The fourth crew member had safely exited the burning warehouse prior to the deteriorating conditions that trapped his fellow crew members. Key contributing factors identified in this investigation include radio communication problems (unintelligible transmissions in and out of the fire structure that may have led to misunderstanding of operational fireground communications), inadequate size up and incomplete pre-plan information, a deep-seated fire burning within the floor of the office area that was able to spread into the production and warehouse facility, the procedures used in which operational modes were repeatedly changed from offensive to defensive, lack of crew integrity at a critical moment in the event, and weather which restricted fireground visibility.

NIOSH investigators concluded that, to minimize the risk of similar occurrences, fire departments should:

  • Ensure that detailed pre-incident plan information is collected and available when needed, especially in high risk structures
  • Limit interior offensive operations in well-involved structures that are not equipped with sprinkler systems and where there are no known civilians in need of rescue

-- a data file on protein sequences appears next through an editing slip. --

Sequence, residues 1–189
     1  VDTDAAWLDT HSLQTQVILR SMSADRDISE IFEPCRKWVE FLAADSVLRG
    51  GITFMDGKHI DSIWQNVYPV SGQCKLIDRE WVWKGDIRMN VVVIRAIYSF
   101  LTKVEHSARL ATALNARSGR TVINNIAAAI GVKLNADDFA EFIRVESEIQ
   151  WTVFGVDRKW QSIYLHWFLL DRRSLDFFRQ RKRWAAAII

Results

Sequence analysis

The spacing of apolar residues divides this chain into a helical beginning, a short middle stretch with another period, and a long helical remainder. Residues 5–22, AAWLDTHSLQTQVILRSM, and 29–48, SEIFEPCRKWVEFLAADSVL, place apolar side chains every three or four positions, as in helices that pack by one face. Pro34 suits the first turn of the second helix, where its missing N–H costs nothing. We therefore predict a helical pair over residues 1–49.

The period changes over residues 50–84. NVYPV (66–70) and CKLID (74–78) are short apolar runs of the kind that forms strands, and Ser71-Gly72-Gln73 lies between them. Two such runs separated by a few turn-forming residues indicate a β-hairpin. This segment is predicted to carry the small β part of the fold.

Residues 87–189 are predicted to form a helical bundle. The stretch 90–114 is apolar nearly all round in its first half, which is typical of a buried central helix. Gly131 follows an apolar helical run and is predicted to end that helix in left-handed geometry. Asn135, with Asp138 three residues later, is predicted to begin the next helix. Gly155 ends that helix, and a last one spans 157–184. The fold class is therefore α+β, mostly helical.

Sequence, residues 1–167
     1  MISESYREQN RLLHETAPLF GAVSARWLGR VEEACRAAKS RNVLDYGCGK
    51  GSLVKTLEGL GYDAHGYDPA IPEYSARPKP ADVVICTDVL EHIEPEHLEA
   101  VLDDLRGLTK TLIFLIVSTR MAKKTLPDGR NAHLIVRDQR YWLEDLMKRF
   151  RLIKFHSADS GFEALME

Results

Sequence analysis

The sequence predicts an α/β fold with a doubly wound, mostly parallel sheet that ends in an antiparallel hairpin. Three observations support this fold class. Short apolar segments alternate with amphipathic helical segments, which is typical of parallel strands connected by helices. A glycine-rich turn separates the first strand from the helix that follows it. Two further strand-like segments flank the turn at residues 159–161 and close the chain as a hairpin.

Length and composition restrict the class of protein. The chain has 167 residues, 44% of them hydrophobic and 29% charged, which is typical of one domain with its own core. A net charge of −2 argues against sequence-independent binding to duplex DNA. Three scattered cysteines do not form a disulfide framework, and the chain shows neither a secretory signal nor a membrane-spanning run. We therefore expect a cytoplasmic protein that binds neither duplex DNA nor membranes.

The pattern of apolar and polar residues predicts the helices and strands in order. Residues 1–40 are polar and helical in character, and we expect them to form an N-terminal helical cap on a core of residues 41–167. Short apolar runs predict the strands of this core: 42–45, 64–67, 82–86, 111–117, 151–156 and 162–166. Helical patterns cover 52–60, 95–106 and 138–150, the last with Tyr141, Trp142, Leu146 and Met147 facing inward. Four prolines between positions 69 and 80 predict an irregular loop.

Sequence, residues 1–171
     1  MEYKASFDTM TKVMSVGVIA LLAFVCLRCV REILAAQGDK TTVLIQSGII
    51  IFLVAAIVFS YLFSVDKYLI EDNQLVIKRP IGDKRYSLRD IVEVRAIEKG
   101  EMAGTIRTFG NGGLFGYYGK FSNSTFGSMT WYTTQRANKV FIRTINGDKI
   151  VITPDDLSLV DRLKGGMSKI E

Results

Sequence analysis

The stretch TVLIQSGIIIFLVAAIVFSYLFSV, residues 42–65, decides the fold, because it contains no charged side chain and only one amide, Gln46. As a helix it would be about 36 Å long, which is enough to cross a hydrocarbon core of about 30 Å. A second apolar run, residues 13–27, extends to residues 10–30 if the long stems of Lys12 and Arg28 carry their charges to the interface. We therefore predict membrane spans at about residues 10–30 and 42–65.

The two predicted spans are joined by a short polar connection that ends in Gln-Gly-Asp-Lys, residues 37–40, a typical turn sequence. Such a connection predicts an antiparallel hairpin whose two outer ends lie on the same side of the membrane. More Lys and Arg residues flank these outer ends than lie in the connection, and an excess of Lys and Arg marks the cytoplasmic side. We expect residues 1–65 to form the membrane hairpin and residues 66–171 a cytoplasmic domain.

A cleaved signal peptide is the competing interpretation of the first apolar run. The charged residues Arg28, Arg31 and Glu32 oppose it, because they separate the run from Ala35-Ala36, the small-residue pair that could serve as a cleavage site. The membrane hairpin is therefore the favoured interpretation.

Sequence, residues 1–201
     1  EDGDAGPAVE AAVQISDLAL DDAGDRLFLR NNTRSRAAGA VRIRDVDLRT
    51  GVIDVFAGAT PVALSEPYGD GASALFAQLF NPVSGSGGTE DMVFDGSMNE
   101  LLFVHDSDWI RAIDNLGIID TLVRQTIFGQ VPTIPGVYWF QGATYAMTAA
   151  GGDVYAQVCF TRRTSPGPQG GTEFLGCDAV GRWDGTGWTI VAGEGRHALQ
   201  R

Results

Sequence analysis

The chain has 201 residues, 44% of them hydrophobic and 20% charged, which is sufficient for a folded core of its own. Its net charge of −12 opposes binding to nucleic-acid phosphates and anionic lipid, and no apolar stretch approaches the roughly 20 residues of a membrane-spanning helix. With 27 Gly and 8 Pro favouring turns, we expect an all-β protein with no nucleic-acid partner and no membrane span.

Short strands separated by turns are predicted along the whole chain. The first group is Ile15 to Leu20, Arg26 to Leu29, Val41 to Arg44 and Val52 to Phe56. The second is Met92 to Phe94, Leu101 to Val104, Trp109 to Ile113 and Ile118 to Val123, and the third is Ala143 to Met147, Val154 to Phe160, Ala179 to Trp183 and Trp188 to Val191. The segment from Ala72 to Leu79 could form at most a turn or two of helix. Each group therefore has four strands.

• Develop, implement, and enforce clear procedures for operational modes. Changes in modes must be coordinated between the Incident Command, the command staff and fire fighters
  • Ensure that Rapid Intervention Crews (RIC) / Rapid Intervention Teams (RIT) have at least one charged hose line in place before entering hazardous environments for rescue operations
  • Ensure that the incident commander establishes the incident command post in an area that provides a good visual view of the fire building and enhances overall fireground communication
  • Ensure that crew integrity is maintained during fire suppression operations
  • Encourage local building code authorities to adopt code requirements for automatic protection (sprinkler) systems in buildings with heavy fire loads.


Floor Collapse
On March 4, 2002, a 22-year-old male career fire fighter was injured and subsequently died and a 25-year-old male Captain was injured when the floor collapsed while they were fighting a residential fire.

The Captain was transported by ambulance to an area hospital where he was admitted overnight for first- and second-degree burns. The victim was conscious and was transported by medical helicopter to a State medical center where he died 2 days later.